Our Georgia Supreme Court case is picking up some national attention and as a result, several people have asked for a brief history of the case and its status so here it is: In 2002, Georgia became the first (and now only) state to conduct statewide elections with unverifiable voting equipment that has no means to the audit vote recording of actual ballots cast on Election Day.
Unbeknownst to us, the law at the time required that any new voting machines "shall have an independent audit trail of each vote cast". None of the voting machines procured, piloted, allegedly certified, and acquired with $54 million of tax money had any form of audit trails that are independent of the vote recording process such as standard Voter Verified Paper Audit Trails that were available even at that time.
Prior to the acquisition, the need for audit capabilities, voter verification and recount retention had already been documented in Senate meetings, by the Fulton County Elections chief, in the state's 21st Century Voting Commission report, by the general public and in plaintiff Emails that were authenticated under oath by the former Assistant Elections Director. Therefore, the acquisition could not have been a mistake.
In July of 2006, after attempts fell short to resolve the problem through the legislature, a politically diverse group of plaintiffs filed a voting rights suit against former Secretary of State Cathy Cox and other officials. The Plaintiffs chose to file the case in Fulton County Superior State Court rather than federal court because there were more obvious violations of state law than federal law.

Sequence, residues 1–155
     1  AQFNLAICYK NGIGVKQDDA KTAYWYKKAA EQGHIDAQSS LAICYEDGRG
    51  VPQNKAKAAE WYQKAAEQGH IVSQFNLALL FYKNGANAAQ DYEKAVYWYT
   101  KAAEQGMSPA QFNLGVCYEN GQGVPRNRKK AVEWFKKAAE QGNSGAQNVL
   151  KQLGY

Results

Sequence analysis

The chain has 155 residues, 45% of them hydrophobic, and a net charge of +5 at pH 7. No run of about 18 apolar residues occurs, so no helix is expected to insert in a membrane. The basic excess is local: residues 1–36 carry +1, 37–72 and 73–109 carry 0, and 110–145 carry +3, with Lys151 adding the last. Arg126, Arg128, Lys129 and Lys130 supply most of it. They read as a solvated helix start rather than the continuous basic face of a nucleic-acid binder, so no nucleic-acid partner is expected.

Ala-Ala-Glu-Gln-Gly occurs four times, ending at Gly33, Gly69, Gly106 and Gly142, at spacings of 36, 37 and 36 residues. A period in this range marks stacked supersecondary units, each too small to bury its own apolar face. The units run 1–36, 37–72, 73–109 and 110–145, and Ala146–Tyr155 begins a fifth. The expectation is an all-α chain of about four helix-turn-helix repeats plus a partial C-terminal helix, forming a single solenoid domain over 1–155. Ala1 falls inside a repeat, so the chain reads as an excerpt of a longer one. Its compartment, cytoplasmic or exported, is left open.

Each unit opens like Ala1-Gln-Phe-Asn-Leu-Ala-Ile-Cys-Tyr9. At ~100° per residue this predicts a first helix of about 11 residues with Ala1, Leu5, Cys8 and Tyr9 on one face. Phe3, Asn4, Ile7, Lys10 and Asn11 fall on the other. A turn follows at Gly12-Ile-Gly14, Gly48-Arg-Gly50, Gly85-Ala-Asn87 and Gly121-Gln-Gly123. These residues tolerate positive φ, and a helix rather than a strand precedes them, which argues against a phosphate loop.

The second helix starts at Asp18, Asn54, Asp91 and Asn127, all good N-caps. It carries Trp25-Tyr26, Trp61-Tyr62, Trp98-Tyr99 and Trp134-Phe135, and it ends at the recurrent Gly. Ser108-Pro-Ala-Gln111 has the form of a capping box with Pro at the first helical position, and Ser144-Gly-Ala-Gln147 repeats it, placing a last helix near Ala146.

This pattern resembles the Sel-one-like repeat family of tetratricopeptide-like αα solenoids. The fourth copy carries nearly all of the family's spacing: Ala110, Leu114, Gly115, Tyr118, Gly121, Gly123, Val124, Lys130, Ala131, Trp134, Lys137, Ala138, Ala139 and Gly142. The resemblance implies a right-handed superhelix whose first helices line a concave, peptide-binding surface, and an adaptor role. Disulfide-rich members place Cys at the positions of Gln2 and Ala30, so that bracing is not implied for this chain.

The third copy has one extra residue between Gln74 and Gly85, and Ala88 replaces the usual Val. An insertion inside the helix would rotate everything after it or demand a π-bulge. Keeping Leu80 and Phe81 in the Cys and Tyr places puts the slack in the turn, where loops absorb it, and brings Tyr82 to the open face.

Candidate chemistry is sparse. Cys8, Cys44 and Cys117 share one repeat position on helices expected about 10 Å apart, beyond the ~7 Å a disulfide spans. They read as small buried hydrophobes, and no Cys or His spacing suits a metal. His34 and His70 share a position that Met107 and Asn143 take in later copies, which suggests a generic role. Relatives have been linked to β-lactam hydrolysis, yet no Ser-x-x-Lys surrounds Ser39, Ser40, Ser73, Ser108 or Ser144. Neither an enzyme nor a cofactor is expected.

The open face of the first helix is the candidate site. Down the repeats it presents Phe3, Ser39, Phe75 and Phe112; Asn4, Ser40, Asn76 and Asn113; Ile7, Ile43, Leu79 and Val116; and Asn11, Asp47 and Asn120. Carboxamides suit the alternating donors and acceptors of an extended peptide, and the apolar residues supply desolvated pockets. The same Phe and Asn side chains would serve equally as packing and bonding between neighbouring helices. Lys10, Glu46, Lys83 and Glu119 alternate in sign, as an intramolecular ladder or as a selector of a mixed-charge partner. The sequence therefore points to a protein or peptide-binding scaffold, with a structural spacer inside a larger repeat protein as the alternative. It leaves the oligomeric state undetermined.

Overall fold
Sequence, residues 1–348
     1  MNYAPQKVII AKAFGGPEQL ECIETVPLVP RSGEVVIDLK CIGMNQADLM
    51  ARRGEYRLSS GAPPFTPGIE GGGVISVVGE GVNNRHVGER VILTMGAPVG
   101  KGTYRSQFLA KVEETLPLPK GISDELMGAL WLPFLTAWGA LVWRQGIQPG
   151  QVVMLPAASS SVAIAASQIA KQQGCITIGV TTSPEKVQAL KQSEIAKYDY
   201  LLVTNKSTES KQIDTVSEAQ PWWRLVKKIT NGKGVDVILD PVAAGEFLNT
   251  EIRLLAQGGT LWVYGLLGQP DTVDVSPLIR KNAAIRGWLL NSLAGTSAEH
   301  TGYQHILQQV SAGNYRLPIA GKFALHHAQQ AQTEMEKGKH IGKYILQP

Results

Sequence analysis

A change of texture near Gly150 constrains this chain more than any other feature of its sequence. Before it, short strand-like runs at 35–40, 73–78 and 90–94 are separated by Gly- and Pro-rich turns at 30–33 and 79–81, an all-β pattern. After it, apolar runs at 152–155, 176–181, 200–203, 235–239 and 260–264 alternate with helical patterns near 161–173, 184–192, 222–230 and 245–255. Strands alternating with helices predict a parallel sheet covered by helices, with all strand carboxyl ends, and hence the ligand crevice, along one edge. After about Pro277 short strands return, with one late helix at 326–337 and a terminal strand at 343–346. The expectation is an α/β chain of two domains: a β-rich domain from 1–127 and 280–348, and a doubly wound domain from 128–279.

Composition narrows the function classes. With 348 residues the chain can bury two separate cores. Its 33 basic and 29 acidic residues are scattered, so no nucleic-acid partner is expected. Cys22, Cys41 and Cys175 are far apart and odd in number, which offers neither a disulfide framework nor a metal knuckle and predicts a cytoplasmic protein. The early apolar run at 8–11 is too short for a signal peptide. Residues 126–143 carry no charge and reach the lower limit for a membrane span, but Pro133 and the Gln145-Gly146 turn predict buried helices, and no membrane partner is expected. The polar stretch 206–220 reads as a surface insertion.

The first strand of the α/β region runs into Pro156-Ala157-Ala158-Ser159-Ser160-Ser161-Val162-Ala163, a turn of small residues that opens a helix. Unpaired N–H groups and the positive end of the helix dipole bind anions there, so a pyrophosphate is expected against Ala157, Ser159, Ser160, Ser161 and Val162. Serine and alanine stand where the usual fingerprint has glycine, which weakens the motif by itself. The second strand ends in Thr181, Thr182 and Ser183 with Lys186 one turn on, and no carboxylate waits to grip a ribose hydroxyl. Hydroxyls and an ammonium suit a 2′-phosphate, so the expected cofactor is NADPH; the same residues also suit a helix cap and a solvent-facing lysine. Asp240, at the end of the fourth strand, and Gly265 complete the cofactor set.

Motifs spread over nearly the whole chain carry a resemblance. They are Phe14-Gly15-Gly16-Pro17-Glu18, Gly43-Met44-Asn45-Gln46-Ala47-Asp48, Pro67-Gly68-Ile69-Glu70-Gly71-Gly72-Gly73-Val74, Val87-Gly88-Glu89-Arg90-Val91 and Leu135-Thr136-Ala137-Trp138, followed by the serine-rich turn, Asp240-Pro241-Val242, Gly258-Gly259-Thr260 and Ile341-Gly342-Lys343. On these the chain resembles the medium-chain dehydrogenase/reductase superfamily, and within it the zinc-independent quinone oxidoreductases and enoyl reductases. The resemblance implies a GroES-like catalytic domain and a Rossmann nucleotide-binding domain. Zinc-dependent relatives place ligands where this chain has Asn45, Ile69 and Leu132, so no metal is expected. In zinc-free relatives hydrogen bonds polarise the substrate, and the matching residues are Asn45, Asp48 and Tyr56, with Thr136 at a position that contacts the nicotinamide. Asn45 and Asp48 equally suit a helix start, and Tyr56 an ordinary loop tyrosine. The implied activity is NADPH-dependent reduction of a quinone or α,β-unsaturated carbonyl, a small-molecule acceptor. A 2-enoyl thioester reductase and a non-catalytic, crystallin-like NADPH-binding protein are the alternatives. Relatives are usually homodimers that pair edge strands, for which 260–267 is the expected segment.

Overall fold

The lawsuit challenged the legality and constitutionality of the Diebold AccuVote TS R6 voting machines, state election procedures and Georgia Election Code laws used to conduct the elections. During the discovery period as the parties received documents and admissions from each other, more potential violations of law were identified, including those that involved both the Georgia and U.S. Constitutions. The suit was eventually expanded to include 13 counts. Some of the key Constitutional counts include:
Failure to require elections by ballot according to the Georgia Constitution;
Violation of Constitutional due process by not protecting the vote count;
Failure to provide protection equal to that for absentee voters in regards to voter verification, recount completeness and discrepancy investigation;
Two of those counts were filed to prevent the state from purchasing AccuVote TSX machines temporarily used in a 2006 audit trail pilot because, as the current Secretary's own 2007 Voter Verified Audit Trail report admitted: "the sequential printing of the VVPAT paper ballots does not guarantee voter anonymity as required by Georgia law". Those machines rolled up elections results sequentially into a sealed canister rather than cutting the ballots and dropping them into a secured ballot box.
The lawsuit was drawn up so that if the Plaintiffs won any single other single count against the currently used voting machines, procedures and election code, the state would be enjoined from using all of the machines and any procedures that violated the rights of the voters. When deposing the Defendants' witnesses during the extensive discovery period, the Plaintiffs obtained key admissions that were over and above what was expected. Therefore, In March of 2008, the Plaintiffs filed a Motion for Summary Judgment on five of the counts, contending that there was no need for a trial since the Defendant's own witnesses had admitted key elements of the case as necessary for a favorable judgment.